It has often been said that Jazz music is one of the few truly American art forms, born and bred in the USA. This held true until the 1980s gave birth to one of the most compelling new forms of music that few people seemed to realize was destined to take over popular culture and work its way into the fabric of everyday life. Rap music and hip hop created and codified a new language that rose up from the streets first as a cipher for the parties and good times that were going down on every block, but eventually serving as what rap pioneer Chuck D termed ‘The Black CNN’, reporting on conditions in the lives of those traditionally shunted to the edges of mainstream America. But before rap became politicized both in terms of lyrical content and media hand wringing, it was moving dance floors in New York, where local MC’s first began spewing rhymes out over turntable beats in the late 1970’s. By the time the 80’s rolled around, artists like Grandmaster Flash, the Furious Five and Afrika Bambaataa were routinely battling it out at parties in the park and local clubs to see who could best move the crowd with their unique verses. The first real indication that something big was brewing that could possibly extend outside of the city’s black community came when a group called the Sugarhill Gang released ‘Rapper’s Delight’, a track which borrowed the bass line from the popular disco song ‘Good Times’ by Chic and which became an overnight sensation on the Billboard charts. This recording success was quickly followed up by Kurtis Blow’s ‘The Breaks’ as well as ‘The Adventures of Grand Master Flash on the Wheels Of Steel’, albums which would sell in the millions and which would portend the tidal wave of rap that would wash over not only New York but the entire country. By 1982, the gloves were off. Record companies who had previously ignored the musical style were scrambling to fill their rosters with rap acts, which led to the signing of pretty much anyone holding a mic who claimed they could rhyme. This led to a number of silly party records swamping the market but it also helped launch the careers of heavyweights like Run DMC and the Beastie Boys. Rap was also beginning to splinter off into various subgenres, and by 1986 there were several regional sounds and socially conscious groups to complement the straight-to-the-dance-floor philosophy of earlier records. Public Enemy and KRS-One would inject a serious tone of political and collective commentary on the world around them into extremely popular records like ‘It Takes a Nation of Millions to Hold Us Back’ and ‘Criminal Minded’, but the greatest attention amount of attention would end up being focused on a sinister swelling of songsters from the west coast.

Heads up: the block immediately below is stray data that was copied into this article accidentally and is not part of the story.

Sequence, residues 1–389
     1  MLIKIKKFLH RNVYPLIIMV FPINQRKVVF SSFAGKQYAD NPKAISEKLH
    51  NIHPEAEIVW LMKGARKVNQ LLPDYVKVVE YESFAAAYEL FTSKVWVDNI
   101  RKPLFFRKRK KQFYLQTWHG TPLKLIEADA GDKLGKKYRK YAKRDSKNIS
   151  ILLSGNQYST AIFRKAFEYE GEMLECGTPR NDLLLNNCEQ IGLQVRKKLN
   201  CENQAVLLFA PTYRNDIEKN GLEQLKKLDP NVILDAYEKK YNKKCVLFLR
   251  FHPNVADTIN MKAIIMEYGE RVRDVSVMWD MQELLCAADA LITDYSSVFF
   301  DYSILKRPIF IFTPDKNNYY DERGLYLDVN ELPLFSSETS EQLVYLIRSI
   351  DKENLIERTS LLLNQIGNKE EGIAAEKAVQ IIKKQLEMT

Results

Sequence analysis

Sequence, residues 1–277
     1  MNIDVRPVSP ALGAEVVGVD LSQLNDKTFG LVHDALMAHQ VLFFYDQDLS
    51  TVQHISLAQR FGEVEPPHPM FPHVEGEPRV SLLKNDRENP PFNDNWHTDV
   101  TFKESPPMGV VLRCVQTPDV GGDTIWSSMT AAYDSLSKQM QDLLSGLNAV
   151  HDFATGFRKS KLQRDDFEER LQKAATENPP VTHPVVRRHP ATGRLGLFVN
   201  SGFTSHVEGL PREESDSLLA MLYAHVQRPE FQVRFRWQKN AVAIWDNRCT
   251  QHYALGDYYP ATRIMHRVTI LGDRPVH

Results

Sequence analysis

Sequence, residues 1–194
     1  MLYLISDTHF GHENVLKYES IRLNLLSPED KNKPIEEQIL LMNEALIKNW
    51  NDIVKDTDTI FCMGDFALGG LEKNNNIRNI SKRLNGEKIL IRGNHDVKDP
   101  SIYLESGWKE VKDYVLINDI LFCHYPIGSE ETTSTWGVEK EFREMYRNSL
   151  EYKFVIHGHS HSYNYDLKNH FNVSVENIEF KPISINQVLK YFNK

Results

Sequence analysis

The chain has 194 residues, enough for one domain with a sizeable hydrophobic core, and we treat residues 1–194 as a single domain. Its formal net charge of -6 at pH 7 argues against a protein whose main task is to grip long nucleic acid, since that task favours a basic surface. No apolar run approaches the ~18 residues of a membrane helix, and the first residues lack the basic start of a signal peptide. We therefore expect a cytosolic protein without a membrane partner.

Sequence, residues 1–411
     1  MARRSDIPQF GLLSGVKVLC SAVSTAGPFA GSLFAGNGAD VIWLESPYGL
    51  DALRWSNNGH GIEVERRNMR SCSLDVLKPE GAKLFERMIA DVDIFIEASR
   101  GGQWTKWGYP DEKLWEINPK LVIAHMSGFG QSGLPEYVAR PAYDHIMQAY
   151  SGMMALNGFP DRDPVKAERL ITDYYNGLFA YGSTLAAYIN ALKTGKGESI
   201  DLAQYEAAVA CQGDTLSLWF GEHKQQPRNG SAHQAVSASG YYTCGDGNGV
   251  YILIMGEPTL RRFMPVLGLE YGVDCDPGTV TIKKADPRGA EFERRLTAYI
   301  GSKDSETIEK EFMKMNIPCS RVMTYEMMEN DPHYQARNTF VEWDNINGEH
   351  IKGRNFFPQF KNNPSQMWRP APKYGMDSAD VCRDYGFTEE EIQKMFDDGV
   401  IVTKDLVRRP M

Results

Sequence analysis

‘Gangsta Rap’ evolved initially from the hardcore rhymes of Ice T, which dealt with the violence and drug wars being waged in cities like Los Angeles. It wasn’t long before rappers on both sides of the country caught on to the concept that singing about guns and drugs could sell millions of records and by 1988 the group N.W.A. blew up with their landmark release ‘Straight Outta Compton’. Rap music would never be the same, and the era which had started out on the foundation of partying and activism that 80’s hip hop would be remembered for quickly closed on a coda of machine gun samples and misogyny that would color rap music for many years to come. > Top 25 Rap Albums from the 80s